11. Babatha’s Orchard, Philip Esler, 2017. If I could write a book like Babatha’s Orchard, I’d be immensely proud. Rarely can scholars piece together missing and obscured information so compellingly, and in a way that allows us to read it as a story. Esler writes that story in the final chapter — how a Jew living in Nabatea bought a date-palm orchard from a woman after a high-ranking official failed to do so — bringing to life a complex web of events, personal motives, and social relations. It’s a story one could easily get a novel from. The book is also impressive as a study for its own sake and not as a means to an end. “I am not concerned,” says Esler, “to interpret New Testament texts against a social context known from the Nabatean legal papyri. Rather, I am seeking to understand better that context itself.” That’s fresh air, and the kind of thing I’d love to see more from New Testament scholars. It offers a window onto everyday life in antiquity, unencumbered by sensationalism. That window is provided by the Babatha documents dated between 94 and 132 AD, which consist of various contracts for purchase of property, loans, weddings, and the registration of land. It’s feels like a true archaeological adventure to read this book, but without any of the sensationalism of Indiana Jones movies or Herschel Shanks’ yellow journalism in Biblical Archaeology Review.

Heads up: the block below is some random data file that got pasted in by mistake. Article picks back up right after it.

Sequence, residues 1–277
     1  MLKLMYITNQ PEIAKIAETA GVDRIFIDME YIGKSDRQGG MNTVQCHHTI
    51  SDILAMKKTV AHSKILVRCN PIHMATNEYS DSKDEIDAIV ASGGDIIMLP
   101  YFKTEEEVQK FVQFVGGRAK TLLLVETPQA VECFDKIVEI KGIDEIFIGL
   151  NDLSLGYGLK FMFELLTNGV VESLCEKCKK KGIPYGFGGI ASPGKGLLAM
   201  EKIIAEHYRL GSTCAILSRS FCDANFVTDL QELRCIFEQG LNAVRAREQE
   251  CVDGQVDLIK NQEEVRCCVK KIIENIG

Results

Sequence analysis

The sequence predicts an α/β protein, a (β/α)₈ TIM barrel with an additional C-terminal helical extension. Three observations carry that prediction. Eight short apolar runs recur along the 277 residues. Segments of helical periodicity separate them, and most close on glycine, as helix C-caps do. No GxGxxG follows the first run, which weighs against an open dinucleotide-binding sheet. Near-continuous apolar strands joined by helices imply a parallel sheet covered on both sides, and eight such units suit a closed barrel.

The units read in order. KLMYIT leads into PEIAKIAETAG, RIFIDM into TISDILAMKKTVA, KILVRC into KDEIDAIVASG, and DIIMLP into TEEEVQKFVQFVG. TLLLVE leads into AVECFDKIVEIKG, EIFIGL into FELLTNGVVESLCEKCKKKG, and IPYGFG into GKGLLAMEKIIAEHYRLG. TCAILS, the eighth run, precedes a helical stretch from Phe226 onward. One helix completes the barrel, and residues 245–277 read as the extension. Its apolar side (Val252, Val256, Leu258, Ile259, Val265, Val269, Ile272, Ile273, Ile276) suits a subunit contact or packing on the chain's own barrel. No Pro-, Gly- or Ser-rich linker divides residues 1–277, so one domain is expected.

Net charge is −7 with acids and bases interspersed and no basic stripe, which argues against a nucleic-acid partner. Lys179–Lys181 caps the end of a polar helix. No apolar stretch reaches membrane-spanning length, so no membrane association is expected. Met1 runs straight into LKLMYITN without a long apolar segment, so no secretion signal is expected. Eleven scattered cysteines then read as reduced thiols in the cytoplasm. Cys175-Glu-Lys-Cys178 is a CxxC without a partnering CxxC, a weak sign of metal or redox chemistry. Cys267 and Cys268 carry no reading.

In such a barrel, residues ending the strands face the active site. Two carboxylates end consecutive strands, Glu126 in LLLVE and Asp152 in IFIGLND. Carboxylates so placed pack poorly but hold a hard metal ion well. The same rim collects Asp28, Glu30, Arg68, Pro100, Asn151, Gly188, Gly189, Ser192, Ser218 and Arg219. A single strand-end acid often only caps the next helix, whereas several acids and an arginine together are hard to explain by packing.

12. Recovering Communion in a Violent World, Christopher Grundy, 2019. This book is an attempt to reform the eucharist of its violent theology. Christians would be better off, says Grundy, to accept that Jesus’ death was unnecessary, and to focus on the meal practices of the New Testament that don’t rely on his body and blood (however real or symbolic) or reenact his execution. Alternative examples include the manna-and-water traditions (I Cor 10), drawing from the Exodus and Number stories, tied to a theme of abundance and the messianic age; the bread-and-fish miracles (in all four gospels), in which there is food for everyone; the Johannine beach breakfast, focused on sharing and abundance; and the bread-only Emmaus story in Luke, urging hospitality even to strangers. Grundy suggests that Holy Communion can be just as sacramental (and more positively so) in the meeting of strangers across boundaries, sharing one’s food, and feeding hungry bodies. In this sense, the eucharist can become primarily about what Jesus did instead of what was done to him. Grundy sees a disturbing connection between the “objectification” of Jesus’ body in the traditional eucharist, and the way people objectify others, whether sexually, violently, or both. That sounds a bit far-fetched, but Grundy is careful in how he explains this: “It’s not that the eucharist carries an explicit message that objectifying people is okay,” he writes, “but rather that without really noticing, Christian believers create opportunities for our instincts to be structured by objectifying practices that we don’t understand all that clearly.” Likewise, he doesn’t say that the eucharist promotes violence per se, but rather that Christians engage themselves in ritualized acts of collective violence without asking if what was done to Jesus was really necessary. Ritualized violence can shape the believer, whether consciously or not. It’s a fascinating book, and makes for an excellent supplement to Stephen Finlan’s Problems with Atonement (though there is no mention of Finlan in the bibliography). See also my review of Finlan’s analysis of the different and conflicting death metaphors in Paul’s letters.